Probing the prostate tumour microenvironment I: impact of glucose deprivation on a cell model of prostate cancer progression

In the developed world, prostate cancer is the most common cancer diagnosis in men. Although prostate cancer initially presents as a non life-threatening disease, 90% of patients will develop castration resistant prostate cancer (CRPC), which preludes distant metastasis and is largely accountable for prostate cancer associated deaths. This is because as yet, there are no viable molecular therapeutic targets for effective treatment of CRPC. It is now widely accepted that cancer cells can alter their metabolic profile during the course of tumourgenesis and metastasis such that they are able to survive in oxygen and nutrient-poor environments. This work was aimed towards gaining greater mechanistic understanding of how such 'stresses' in the tumour microenvironment impact on both androgen sensitive (LNCaP) and androgen independent (LNCaP-abl and LNCaP-abl-Hof) prostate cancer cell lines. Here we have applied technically robust and reproducible label-free liquid chromatography mass spectrometry analysis for comprehensive proteomic profiling of prostate cancer cell lines under nutrient deficient (low glucose) conditions. This led to the identification of approximately 4,000 proteins - one of the largest protein datasets for prostate cancer cell lines established to date. The biological and clinical significance of proteins showing a significant change in expression as result of low glucose conditions was established. Novel, intuitive workflows were subsequently implemented to ensure the verification of selected proteins of interest in a robust, reproducible and high throughput manner. Overall, these data suggest that this strategy supports identification of protein biomarkers of prostate cancer progression and potential therapeutic targets for CRPC.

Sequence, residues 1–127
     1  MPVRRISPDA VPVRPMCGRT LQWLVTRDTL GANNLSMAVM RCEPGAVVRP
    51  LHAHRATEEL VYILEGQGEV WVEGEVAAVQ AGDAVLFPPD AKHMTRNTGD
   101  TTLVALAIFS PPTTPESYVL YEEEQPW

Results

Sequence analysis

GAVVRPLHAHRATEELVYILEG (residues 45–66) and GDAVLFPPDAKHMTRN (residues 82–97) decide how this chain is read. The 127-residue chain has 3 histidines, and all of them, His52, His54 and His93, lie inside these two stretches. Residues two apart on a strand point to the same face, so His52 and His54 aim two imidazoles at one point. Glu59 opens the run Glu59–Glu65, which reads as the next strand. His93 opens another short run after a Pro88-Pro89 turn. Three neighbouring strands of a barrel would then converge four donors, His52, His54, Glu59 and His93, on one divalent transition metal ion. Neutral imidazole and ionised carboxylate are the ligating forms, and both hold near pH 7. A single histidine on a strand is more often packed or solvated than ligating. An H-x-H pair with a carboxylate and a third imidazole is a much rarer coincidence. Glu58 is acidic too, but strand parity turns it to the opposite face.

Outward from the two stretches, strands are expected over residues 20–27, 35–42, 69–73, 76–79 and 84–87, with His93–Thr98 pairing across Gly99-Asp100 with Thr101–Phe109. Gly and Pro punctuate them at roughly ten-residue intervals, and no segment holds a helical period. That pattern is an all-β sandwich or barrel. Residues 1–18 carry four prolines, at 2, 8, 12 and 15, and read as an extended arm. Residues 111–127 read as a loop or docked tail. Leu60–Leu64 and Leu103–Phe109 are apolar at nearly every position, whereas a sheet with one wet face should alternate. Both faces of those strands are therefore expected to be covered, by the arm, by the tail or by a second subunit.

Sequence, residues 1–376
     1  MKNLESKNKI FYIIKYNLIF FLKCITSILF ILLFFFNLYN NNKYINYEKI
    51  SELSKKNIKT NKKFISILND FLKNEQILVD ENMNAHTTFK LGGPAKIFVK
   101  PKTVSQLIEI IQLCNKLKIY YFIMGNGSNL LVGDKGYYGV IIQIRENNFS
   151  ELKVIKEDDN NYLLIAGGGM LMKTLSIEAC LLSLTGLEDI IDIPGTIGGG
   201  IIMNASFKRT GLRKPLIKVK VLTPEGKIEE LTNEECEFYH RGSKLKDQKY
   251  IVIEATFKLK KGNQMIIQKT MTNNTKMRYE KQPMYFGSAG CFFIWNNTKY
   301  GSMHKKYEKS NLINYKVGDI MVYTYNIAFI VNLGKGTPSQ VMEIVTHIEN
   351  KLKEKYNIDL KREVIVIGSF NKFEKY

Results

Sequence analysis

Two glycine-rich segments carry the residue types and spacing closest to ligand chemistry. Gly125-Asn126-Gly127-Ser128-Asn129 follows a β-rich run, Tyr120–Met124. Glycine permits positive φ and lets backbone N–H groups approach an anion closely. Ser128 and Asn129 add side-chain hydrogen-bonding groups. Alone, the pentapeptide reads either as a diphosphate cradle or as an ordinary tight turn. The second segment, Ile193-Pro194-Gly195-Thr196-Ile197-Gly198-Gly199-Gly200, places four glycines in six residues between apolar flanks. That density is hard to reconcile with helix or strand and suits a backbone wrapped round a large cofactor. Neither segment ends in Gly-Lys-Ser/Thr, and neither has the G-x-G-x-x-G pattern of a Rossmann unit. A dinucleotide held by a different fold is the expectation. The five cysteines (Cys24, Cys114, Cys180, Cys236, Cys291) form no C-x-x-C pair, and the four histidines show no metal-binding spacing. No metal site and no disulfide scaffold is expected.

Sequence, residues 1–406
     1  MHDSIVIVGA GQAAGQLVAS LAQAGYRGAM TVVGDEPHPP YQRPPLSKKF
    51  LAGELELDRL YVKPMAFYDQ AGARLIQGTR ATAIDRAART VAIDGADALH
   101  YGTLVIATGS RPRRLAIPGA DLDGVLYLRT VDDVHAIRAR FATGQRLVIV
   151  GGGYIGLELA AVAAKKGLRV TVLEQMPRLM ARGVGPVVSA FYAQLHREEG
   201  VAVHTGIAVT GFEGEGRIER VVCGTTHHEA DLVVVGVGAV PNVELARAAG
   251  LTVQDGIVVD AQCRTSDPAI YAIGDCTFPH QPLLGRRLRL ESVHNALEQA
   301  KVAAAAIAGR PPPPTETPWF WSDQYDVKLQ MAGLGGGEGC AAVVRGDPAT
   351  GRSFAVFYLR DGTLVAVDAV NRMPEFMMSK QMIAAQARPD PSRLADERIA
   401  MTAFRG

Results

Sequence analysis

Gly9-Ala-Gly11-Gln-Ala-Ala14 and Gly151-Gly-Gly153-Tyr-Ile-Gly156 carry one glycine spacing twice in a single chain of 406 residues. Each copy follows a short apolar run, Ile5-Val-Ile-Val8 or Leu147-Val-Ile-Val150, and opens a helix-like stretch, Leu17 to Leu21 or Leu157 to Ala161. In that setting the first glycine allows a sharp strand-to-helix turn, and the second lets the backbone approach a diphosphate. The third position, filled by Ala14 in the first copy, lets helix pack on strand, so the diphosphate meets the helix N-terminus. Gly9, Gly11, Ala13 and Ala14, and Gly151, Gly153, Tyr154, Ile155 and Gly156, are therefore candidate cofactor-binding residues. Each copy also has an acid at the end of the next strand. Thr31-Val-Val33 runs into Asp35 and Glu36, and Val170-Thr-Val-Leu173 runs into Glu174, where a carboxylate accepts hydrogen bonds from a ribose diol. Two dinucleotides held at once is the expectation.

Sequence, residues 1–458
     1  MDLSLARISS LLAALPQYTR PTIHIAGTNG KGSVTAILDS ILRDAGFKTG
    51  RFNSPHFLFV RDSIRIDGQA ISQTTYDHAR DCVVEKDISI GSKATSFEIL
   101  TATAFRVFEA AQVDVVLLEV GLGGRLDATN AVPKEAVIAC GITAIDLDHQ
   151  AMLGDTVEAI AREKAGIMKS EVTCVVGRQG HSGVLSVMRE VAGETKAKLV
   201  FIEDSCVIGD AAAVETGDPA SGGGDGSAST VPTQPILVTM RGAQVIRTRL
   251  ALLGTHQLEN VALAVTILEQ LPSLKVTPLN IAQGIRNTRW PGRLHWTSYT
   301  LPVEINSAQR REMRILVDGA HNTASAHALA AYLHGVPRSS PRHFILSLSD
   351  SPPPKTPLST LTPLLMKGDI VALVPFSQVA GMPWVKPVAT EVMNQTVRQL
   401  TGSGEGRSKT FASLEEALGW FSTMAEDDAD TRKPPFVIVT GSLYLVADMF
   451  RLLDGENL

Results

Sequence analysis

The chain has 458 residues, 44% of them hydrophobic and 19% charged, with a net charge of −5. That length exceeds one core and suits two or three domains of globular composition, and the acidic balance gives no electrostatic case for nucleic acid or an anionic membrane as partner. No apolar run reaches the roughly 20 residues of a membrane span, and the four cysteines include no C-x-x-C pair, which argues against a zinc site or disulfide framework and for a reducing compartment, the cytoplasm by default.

Oncotarget. 2017 Jan 12 [Epub ahead of print]

Claire Tonry, John Armstrong, Stephen R Pennington

Conway Institute of Biomolecular and Biomedical Research, University College Dublin, Belfield, Dublin, Ireland., St. Luke's Hospital, Rathgar, Dublin, Ireland.